SPORT

Tiger and Nicklaus: each man the other's measure

Even now, on the eve of the British Open at St. Andrews, people will say that Tiger Woods is brilliant, charismatic, revolutionary, but, dude, you can't equal Jack Nicklaus' record of 18 Majors.

Woods, with nine Majors, will not argue. He's not on this planet for that. No, he's here to exceed it.

Woods is not your everyday athlete because he is not the owner of your everyday sporting mind. He operates on a frequency we cannot tune into, he is driven by forces beyond our comprehension.

Years ago a friend claimed that a young Sachin Tendulkar took too many risks while batting. I countered that our concept of risk and Tendulkar's would never meet, that it was absurd to impose our ordinary limitations on an extraordinary man. For us it might appear risky to pull a seemingly reasonable ball for six; for Tendulkar it was merely an appropriate response.

In a similar way, 18 Majors for us, for golfers, for even great golfers, is inconceivable, sheer fantasy, especially in a more competitive era. For Woods, it was his only goal.

Most men bow to the words "you can't". Woods does not, he has made a living mocking them.

As a young black man he was told, you can't play at some clubs because of your colour. He was told you can't drive the ball so long all the time. He was told you can't win the 1997 Masters by 12 strokes and change your swing. He was told you can't dominate a sport like golf. He was told you can't win four Majors in a row. He was told you can't change your swing again and still rule.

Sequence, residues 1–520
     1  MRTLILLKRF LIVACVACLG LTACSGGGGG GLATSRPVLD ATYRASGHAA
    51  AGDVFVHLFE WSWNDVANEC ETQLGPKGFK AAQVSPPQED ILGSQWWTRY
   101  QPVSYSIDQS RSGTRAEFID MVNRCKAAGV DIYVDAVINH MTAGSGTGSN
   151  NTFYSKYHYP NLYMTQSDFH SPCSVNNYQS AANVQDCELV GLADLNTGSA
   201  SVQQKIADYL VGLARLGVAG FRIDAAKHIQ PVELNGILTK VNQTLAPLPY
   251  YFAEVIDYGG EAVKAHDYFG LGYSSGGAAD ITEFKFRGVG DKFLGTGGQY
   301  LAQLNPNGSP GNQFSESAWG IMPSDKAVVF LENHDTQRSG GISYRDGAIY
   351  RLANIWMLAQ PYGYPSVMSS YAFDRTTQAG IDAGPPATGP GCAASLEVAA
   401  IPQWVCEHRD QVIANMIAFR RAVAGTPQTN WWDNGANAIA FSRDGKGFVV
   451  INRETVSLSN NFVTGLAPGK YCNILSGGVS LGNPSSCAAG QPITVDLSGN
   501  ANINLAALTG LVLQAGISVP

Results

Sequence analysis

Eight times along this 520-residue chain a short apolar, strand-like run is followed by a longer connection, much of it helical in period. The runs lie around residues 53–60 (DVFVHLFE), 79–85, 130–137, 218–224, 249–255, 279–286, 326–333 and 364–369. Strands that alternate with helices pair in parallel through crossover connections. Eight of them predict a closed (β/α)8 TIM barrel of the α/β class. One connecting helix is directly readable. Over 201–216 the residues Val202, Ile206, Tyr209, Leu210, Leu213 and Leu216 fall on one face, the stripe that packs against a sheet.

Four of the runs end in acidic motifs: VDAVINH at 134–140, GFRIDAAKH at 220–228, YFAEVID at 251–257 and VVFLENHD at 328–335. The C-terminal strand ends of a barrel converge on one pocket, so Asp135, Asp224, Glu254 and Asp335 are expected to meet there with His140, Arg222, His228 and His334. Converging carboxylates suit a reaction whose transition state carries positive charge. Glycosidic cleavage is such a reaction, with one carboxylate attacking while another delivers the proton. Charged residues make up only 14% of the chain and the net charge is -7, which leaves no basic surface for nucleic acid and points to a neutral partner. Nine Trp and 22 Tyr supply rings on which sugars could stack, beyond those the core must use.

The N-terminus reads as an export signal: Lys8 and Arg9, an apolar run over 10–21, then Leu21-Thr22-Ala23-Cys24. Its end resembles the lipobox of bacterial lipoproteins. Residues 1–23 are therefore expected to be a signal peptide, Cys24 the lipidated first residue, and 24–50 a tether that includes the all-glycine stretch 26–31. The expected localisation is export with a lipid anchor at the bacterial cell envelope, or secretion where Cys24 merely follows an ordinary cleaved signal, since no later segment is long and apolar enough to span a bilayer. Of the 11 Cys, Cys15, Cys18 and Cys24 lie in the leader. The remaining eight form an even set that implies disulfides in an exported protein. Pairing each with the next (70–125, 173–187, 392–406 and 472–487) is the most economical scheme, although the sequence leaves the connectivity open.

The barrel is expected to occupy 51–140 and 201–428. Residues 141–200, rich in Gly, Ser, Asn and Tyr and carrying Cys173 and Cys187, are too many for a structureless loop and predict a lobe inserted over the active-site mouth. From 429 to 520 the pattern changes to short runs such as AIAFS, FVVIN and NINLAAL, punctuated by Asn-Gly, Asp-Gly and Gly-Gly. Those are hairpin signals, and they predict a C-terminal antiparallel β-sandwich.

But we awake before dawn and stalk him through our television sets only because he didn't listen, because he knows history is not constructed by the timid.

Great pursuits

Sporting chases compel us, this hunting down of greatness, this desperate desire to dislodge other men from the pinnacle. Sampras chasing Emerson's 12 Grand Slam titles, Schumacher chasing Fangio's five titles, Tendulkar chasing Gavaskar's centuries record.

But Woods chasing Nicklaus has its special aura, for 18 Majors is so incredibly distant, so utterly absurd, so seemingly unreachable. No man has got closer than 11. Yet Woods, only 29 in a sport where the peak is supposed to be in the 30s, has made us rethink the idea of impossible.

Woods has done us one great service. If Nicklaus is the standard against which all careers, including Tiger's, are computed, then to measure and appreciate Nicklaus it is best we use Tiger.

For it is only when we look at Woods, and appreciate how majestic a figure he is in world sport, and how he has staggered us with his nerve and imagination, but then remember that he is still only halfway to where Nicklaus has gone, do we begin to understand the colossus Jack was.

Fittingly, perhaps only Nicklaus truly understands Woods. As the older man once said: "I always felt the same thing, if I was hitting the ball the way I wanted to hit it .. I always felt like everybody else was going to play for second. And I think Tiger feels the same way".

Nicklaus, 65, does not believe he can even compete any more, and so on golf's grandest stage this week its grandest man will bid farewell. It is permissible to weep. Woods will not because chasing history requires unimpeded vision.

He may not win this Open, but his peers will mostly not say so. After all, they know better than to tell Tiger Woods that you can't.

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